VHF DSC Radios: Distress Calls with no MMSI

VHF Marine Band radios, protocol, radio communication theory, practical advice; AIS; DSC; MMSI; EPIRB.
Posts: 11862
Joined: Fri Oct 09, 2015 12:25 pm
Location: Michigan, Lower Peninsula

VHF DSC Radios: Distress Calls with no MMSI

Postby jimh » Sun May 19, 2019 11:30 am

I was recently asked the following question in a private inquiry:

Can a VHF Marine Band DSC radio with an internal GNSS receiver or connected to an external GNSS receiver send position info when the radio's distress button is pressed WITHOUT an MMSI entered into the radio?

Since I much prefer publicly exchange of information, I have replied here.

The answer depends on the age of the radio. If the radio is a current CLASS D DSC radio it cannot make ANY DSC CALLS until a maritime mobile service identity (MMSI) has been entered into the radio.

The applicable portion of the recommendation ITU-R M.493-13 which is the current required behavior for radios in the USA is excerpted below:

ITU-R M.493-13 wrote:12.4 MMSI

DSC equipment should not transmit any DSC call until own ship’s MMSI allocated to the ship by the relevant administration has been configured and stored in the DSC equipment.

Once stored, it should not be possible for the user to change the MMSI without advice from the manufacturer. The DSC equipment should display own ship’s MMSI on start-up unless the MMSI has not been configured.

If the MMSI has not been configured, the equipment will display a warning that the unit will not transmit any DSC calls until own ship’s MMSI is entered. The equipment should stay in this state until the operator confirms he has read the display and input own ship’s MMSI. The MMSI should be readily displayed on the HMI when the DSC equipment is on.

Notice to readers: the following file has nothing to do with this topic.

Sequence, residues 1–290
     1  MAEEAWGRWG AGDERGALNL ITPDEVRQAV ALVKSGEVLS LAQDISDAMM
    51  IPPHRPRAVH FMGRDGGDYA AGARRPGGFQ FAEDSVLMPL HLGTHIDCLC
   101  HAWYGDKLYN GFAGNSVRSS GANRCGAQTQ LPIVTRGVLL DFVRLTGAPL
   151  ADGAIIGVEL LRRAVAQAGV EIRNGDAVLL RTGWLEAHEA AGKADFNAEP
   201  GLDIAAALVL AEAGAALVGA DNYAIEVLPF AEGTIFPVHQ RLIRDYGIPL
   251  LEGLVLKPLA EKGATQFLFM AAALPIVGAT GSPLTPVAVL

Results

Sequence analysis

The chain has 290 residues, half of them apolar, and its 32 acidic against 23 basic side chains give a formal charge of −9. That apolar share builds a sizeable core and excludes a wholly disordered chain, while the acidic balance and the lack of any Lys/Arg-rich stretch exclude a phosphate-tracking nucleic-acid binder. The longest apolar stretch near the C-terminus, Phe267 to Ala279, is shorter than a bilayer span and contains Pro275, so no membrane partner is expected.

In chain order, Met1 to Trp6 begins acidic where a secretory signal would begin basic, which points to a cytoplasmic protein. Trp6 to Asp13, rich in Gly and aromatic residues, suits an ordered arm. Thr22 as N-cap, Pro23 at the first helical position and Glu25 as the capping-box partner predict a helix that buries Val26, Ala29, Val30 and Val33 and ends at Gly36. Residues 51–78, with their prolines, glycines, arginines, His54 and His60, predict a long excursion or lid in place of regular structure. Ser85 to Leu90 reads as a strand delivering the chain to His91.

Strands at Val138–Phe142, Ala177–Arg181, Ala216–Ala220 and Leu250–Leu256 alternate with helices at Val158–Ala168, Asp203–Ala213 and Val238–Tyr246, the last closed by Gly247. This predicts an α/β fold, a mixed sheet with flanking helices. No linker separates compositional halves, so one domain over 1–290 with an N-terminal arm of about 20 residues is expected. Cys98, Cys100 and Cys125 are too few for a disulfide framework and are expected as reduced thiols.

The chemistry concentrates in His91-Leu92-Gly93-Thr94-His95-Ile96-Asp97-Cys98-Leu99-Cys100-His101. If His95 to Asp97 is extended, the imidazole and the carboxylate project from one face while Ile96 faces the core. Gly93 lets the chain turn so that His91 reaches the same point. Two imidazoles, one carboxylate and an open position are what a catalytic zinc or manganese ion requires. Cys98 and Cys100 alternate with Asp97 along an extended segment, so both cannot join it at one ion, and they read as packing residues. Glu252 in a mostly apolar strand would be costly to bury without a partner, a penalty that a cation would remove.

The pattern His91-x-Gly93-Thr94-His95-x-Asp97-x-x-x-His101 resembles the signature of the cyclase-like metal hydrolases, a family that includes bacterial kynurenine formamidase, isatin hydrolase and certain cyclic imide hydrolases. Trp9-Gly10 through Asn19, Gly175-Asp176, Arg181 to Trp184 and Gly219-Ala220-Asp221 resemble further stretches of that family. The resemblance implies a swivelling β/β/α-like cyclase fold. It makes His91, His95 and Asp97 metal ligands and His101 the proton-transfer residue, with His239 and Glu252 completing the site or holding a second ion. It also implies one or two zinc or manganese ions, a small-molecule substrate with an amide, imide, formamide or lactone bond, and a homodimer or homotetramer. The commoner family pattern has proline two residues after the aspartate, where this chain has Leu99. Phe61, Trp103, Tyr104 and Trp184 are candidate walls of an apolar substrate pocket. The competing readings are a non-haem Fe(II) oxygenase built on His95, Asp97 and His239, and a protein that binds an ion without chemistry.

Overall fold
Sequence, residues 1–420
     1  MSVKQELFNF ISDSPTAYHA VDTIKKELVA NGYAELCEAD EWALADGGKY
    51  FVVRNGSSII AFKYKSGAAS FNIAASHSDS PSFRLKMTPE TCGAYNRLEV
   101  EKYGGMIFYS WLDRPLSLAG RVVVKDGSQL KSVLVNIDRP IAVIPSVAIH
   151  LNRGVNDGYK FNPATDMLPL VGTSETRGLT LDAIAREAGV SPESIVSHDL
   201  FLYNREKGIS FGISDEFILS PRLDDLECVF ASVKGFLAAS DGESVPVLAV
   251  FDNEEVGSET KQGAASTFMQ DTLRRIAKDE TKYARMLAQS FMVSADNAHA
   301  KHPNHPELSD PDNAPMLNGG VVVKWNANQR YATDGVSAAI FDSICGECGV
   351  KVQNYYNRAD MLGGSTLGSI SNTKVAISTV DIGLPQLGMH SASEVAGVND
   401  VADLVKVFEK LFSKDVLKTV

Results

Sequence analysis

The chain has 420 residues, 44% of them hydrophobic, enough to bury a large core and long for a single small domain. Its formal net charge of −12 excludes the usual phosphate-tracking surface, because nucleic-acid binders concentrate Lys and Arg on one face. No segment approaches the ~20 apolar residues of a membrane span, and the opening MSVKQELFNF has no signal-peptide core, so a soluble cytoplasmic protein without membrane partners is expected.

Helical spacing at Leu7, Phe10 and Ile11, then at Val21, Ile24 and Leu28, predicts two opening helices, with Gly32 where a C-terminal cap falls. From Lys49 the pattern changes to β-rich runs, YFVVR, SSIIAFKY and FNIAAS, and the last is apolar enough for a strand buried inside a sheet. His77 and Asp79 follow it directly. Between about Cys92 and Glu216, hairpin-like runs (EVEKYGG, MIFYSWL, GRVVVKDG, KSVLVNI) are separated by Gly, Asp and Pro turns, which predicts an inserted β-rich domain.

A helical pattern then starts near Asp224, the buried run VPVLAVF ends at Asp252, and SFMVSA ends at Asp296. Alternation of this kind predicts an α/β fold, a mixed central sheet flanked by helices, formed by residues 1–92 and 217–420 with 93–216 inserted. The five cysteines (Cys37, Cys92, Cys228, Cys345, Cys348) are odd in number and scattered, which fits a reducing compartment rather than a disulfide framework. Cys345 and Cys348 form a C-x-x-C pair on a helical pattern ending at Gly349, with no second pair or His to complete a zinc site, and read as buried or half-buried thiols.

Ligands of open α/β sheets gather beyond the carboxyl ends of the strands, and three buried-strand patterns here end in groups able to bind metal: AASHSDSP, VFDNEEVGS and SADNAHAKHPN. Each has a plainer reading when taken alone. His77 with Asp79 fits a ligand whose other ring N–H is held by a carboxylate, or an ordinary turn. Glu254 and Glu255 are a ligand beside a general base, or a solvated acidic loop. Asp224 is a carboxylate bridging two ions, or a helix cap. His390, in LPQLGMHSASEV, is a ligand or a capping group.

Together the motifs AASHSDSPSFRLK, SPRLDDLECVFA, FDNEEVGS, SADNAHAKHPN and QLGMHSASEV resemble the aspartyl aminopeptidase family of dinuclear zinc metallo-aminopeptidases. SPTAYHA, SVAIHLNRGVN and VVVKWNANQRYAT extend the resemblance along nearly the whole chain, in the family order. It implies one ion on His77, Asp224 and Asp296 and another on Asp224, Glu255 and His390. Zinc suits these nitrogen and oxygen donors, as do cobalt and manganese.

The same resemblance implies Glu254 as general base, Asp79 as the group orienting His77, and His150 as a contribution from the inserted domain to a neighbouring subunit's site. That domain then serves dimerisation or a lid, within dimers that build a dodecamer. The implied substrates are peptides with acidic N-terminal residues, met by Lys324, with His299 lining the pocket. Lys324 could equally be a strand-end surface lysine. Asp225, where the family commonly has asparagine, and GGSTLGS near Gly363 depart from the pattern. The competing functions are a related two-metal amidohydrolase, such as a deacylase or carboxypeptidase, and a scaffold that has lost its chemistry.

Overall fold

If the radio is an older DSC radio qualified only to the RTCM SC-101 recommendation, it can make a DSC call without an MMSI or a position being available.

I don't have the full text of the RTCM SC-101 recommendation because I have not invested the necessary costs to purchase the document; it is not available publicly. (And it is obsolete.) I presume it must not have been clear on the topic of the radio refusing to perform DSC functions if it had no MMSI. That assumption is made on the basis of the USCG reporting that an alarming percentage of the DSC DISTRESS ALERT calls they received did not contain any MMSI information. (For more see my separate article on the September 2011 USCG Safety Alert.)

A follow-on question was:

How old would a VHF Marine Band DSC radio be if it were approved under the RTCM SC-101 rating?

A VHF Marine Band DSC radio qualified to RTCM SC-101 could be as old as c.1995, which is the date of the recommendation. DSC radios qualified only to RTCM SC-101 were available for sale in the USA in c.2003. I bought such a radio, an ICOM IC-M402 in c.2003. It was only years later that I realized that most of the DSC functionality of the radio was not working due to the default setting. For more details about the IC M-402 radio see a separate article about rehabilitation of the IC M-402.

The Federal Communications Commission (FCC) announced a sunset date for DSC radios that met only RTCM SC-101 behaviot, prohibiting their manufacture, importation, sale, or installation after March 25, 2011. However, a later clarification stated that such radios already installed could continue to be used. See




for details.

For more about the problems associated with VHF Marine Band radios that are qualified only the RTCM SC-101 requirement, see

DSC Distress Alert Message Test: Receiving Capabilities

There are many shortcomings with DSC radios only qualified to RTCM SC-101, including the inability to send the position with high resolution. For more information see part one of my four part series of articles in which I tested DSC radios:

DSC Distress Alert Message Test
http://continuouswave.com/whaler/refere ... sTest.html

As I have previously mentioned, with a new DSC Class-D VHF Marine Band radio available for only $140, continuing to use an obsolete radio that only qualifies to RTCM SC-101 makes little sense to me.